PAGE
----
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Glucocorticoids associate with cardiometabolic risk factors in black South Africans

Lookup NU author(s): Professor Brian WalkerORCiD



This work is licensed under a Creative Commons Attribution 4.0 International License (CC BY 4.0).


Circulating glucocorticoids are associated with metabolic syndrome and related cardiometabolic risk factors in non-Africans. This study investigated these associations in Africans, whose metabolic phenotype reportedly differs from Europeans. Adiposity, blood pressure, glycaemia, insulin resistance, and lipid profile, were measured in 316 African men and 788 African women living in Soweto, Johannesburg. The 2009 harmonized criteria were used to define metabolic syndrome. Serum glucocorticoids were measured using liquid chromatography-mass spectrometry. Cortisol was associated with greater odds presenting with metabolic syndrome (odds ratio (95% CI) =1.50 (1.04, 2.17) and higher systolic (beta coefficient, β (95% CI) =0.04 (0.01, 0.08)) and diastolic (0.05 (0.02, 0.09)) blood pressure, but higher HDL (0.10 (0.02, 0.19)) and lower LDL (−0.14 (−0.24, −0.03)) cholesterol concentrations, in the combined sample of men and women. In contrast, corticosterone was only associated with higher insulin sensitivity (Matsuda index; 0.22 (0.03, 0.41)), but this was not independent of BMI. Sex-specific associations were observed, such that both cortisol and corticosterone were associated with higher fasting glucose (standardized β (95% CI): 0.24 (0.12, 0.36) for cortisol and 0.12 (0.01, 0.23) for corticosterone) and HbA1c (0.13 (0.01, 0.25) for cortisol and 0.12 (0.01, 0.24) for corticosterone) in men only, but lower HbA1c (0.10 (−0.20, −0.01) for cortisol and −0.09 (−0.18, −0.03) for corticosterone) in women only. Our study reports for the first time that associations between circulating glucocorticoid concentrations and key cardiometabolic risk factors exhibit both glucocorticoid- and sex-specificity in Africans.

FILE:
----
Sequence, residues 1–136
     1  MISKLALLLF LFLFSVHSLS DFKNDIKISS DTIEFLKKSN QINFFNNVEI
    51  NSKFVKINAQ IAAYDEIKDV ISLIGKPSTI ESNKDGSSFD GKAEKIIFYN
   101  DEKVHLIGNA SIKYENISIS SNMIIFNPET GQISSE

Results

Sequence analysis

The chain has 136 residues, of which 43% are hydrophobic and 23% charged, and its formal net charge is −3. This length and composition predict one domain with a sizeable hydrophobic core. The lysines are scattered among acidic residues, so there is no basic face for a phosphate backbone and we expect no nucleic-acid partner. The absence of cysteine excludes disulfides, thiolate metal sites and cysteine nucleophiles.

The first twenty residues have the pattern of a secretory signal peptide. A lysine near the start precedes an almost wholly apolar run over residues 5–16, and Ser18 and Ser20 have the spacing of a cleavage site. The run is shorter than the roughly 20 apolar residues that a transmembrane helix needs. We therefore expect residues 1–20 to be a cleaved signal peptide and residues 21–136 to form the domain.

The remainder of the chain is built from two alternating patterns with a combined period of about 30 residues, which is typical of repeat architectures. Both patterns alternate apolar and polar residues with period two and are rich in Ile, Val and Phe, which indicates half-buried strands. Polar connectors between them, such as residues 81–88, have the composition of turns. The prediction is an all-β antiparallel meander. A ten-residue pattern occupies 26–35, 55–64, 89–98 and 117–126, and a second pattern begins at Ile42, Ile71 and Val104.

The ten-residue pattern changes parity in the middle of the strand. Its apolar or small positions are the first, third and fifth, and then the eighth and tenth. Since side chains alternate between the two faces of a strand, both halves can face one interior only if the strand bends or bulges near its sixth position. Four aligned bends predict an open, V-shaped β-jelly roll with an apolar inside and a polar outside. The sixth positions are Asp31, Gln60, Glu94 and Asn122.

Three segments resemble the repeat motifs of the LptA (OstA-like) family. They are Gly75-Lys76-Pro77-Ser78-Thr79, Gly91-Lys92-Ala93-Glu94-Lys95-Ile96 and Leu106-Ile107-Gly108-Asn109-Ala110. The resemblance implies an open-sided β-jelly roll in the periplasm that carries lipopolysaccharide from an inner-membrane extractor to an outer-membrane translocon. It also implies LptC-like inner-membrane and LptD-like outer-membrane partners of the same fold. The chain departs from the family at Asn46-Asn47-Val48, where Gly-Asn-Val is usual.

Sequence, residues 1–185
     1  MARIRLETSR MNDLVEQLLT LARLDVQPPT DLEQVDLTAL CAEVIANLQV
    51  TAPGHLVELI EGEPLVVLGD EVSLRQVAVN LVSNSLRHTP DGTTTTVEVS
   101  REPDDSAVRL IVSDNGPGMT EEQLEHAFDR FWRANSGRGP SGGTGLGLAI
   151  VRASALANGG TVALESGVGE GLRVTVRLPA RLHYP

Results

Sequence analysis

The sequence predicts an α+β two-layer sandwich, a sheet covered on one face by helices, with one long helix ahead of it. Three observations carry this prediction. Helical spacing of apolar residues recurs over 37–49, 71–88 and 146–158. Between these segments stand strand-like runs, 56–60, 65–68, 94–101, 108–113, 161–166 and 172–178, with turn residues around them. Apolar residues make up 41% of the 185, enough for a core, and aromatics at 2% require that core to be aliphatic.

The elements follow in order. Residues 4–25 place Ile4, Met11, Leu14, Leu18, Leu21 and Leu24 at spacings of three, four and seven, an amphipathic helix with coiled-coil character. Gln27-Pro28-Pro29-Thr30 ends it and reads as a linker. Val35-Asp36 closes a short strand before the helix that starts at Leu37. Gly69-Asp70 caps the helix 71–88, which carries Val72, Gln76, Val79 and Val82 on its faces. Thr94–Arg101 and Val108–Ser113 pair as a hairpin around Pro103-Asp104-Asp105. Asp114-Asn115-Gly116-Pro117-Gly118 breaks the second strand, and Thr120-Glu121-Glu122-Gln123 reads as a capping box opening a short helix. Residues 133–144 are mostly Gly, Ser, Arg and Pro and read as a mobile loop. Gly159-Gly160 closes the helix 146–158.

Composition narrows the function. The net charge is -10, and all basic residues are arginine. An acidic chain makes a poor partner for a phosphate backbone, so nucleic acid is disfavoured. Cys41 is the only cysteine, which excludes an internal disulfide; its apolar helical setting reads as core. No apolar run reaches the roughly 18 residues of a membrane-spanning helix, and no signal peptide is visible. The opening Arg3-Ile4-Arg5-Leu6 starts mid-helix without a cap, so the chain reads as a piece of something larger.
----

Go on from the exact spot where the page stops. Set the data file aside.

Publication metadata

Author(s): Dlamini SN, Lombard Z, Micklesfield LK, Crowther N, Norris SA, Snyman T, Crawford AA, Walker BR, Goedecke JH

Publication type: Article

Publication status: Published

Journal: Endocrine Connections

Year: 2021

Volume: 10

Issue: 8

Pages: 873–884

Online publication date: 02/08/2021

Acceptance date: 14/07/2021

Date deposited: 13/08/2021

ISSN (print): 2049-3614

Publisher: BioScientifica


DOI: 10.1530/EC-21-0195


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